Australia Property Market Analysis – Buy Now or Wait?

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Australia Property Market Analysis - Should you buy now or wait?

As investors in Australia plan their real estate strategy, the road ahead is fraught with uncertainty. Inflation is high, and the Reserve Bank of Australia (RBA) has hiked the cash rates, resulting in a fluid situation in the Australia Property market.

Overall Australian capital dwelling prices decreased by 0.8% in June 2022 and 8.8% higher year on year.

In the 16th edition of the Emerging Trends in Real Estate annual report, experts recommend property buyers devise a reasonable property development and investment strategy for this year and beyond.

Let's take a deeper dive into the real estate trends so that you can make an informed decision about buying, selling, constructing, renovating or renting properties in Australia. 


What you need to know before investing in Australian property

Australia experienced a real estate market boom in 2021, seeing huge value gains due to low-interest rates and a shortage of homes.

In the year leading up to November 2021, home values climbed to 22.2%. The estimated value of residential real estate reached a record high of 9.4 trillion dollars in just twelve months.


Initiatives by the Australian Government

Due to the HomeBuilder scheme, many homes in Australia are under construction – buyers are opting for detached housing.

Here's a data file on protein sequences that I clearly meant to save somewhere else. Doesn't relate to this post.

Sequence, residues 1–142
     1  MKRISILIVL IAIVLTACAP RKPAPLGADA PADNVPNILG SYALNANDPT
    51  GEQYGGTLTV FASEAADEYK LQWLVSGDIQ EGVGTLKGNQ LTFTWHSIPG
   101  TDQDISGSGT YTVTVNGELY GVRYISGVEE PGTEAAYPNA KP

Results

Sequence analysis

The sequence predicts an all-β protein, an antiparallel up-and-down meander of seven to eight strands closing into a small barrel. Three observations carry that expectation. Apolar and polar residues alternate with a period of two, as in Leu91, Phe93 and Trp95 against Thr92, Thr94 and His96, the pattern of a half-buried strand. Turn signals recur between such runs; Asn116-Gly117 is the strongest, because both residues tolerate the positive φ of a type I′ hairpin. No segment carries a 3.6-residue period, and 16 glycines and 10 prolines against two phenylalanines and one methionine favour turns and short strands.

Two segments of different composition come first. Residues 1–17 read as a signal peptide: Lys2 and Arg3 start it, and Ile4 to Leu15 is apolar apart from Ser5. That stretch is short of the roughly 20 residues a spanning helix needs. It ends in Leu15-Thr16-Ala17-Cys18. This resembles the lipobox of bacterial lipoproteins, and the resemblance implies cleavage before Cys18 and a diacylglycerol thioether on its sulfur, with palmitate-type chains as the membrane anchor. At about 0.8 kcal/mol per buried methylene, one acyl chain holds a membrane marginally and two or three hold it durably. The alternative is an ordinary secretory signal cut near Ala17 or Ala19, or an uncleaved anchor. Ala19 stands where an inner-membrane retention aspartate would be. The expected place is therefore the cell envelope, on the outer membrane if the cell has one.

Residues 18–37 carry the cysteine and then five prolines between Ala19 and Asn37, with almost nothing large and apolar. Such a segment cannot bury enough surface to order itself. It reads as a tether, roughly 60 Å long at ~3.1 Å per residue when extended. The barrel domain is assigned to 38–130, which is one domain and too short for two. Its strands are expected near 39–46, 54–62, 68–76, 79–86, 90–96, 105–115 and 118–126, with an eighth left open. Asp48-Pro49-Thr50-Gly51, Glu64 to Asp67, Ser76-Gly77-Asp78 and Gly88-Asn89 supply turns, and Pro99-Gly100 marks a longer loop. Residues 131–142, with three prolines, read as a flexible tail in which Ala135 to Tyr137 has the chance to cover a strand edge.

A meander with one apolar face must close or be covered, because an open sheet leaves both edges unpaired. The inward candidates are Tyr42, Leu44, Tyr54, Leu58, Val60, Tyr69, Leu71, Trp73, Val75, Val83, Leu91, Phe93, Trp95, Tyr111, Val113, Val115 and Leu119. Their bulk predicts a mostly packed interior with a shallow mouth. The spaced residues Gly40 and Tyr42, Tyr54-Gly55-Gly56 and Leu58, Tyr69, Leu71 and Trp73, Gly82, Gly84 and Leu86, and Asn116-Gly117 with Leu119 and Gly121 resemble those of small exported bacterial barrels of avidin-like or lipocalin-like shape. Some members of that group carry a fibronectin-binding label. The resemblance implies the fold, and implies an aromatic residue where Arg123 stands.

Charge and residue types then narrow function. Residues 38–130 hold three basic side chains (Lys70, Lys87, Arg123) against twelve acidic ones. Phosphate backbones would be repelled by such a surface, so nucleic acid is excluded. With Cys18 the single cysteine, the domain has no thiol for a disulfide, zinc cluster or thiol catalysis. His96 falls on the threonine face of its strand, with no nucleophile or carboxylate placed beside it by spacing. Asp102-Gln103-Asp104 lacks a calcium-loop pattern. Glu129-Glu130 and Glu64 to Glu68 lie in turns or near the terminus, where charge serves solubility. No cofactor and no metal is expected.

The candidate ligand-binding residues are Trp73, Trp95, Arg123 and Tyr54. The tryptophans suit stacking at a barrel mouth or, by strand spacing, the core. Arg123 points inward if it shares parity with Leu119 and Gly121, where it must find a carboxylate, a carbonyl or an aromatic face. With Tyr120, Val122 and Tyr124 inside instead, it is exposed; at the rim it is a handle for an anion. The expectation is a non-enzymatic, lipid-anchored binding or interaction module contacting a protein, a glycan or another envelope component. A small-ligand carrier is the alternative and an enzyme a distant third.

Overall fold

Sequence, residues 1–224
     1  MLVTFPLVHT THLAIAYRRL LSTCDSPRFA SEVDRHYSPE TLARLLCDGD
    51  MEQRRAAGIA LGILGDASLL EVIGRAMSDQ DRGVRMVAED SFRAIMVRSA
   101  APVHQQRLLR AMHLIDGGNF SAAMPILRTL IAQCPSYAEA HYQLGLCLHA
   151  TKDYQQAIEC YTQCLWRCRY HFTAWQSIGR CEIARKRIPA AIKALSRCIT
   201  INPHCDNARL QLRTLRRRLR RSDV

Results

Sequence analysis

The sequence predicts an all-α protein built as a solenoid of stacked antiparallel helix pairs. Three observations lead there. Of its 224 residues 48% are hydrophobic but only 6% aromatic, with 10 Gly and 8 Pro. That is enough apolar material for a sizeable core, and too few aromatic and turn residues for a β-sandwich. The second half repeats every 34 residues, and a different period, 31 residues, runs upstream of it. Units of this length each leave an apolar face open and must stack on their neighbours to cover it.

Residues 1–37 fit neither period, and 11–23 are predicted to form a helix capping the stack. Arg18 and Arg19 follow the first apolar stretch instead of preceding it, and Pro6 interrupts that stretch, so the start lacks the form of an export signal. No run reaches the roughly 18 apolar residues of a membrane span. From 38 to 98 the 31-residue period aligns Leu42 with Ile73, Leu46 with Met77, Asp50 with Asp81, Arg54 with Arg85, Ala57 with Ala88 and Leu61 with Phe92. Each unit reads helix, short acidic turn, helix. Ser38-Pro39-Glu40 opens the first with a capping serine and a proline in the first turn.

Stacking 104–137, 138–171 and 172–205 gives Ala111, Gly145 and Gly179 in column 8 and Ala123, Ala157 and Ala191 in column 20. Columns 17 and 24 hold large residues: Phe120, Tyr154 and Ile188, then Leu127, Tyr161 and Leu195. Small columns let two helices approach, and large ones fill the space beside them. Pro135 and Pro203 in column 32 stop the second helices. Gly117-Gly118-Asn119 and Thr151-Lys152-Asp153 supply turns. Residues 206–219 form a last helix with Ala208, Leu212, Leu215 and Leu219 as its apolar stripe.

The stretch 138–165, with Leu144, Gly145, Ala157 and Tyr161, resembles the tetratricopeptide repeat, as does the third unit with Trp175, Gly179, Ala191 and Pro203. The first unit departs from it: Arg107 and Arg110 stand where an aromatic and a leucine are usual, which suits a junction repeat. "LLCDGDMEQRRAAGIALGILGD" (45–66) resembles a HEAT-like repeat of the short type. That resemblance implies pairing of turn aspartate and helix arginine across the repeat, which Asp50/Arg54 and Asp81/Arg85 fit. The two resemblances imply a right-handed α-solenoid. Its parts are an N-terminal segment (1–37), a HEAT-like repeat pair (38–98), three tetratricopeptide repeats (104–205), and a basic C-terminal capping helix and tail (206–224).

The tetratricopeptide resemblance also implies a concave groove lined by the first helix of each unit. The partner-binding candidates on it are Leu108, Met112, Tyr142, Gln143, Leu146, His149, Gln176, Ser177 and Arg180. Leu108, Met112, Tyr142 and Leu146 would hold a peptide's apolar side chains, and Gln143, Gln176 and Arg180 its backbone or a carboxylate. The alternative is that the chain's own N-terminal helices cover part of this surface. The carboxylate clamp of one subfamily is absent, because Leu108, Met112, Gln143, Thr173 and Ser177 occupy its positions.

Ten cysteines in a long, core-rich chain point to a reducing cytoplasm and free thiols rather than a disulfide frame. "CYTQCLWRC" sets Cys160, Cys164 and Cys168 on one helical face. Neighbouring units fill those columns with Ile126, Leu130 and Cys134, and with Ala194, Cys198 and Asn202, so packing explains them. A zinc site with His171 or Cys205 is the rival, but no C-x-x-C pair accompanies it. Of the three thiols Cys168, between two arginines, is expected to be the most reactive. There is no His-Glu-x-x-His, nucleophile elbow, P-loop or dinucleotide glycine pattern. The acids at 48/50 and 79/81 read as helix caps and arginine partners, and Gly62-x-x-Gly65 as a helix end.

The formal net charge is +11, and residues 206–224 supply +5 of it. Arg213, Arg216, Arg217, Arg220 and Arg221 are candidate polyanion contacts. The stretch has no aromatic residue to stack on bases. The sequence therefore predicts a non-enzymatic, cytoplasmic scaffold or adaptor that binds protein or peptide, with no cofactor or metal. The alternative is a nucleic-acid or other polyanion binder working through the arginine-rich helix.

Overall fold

The Australian Government launched several initiatives, including HomeBuilder, to boost consumer confidence in the building industry and encourage consumers to move through with purchases or renovations that may have been put off because of COVID-19.

All supporting documentation must be submitted to the relevant State or Territory Revenue Office by 30 April 2023.

On 17 April 2021, the Government extended the construction commencement requirement from 6 months to 18 months for all applications.

In regional markets in 2021, housing prices rose twice as fast as in their capital city counterparts. Large coastal centers closer to capital cities attracted most movers from metros.


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The current state of the Australian Property Market

The Emerging Trends in Real Estate annual report 2022 reveals Australia's commercial property markets demonstrated surprising resilience throughout 2021, with investment volumes rebounding sharply in the first three quarters to USD$24.8 billion - up 106% on the previous year 21% higher than 2015-2019 average.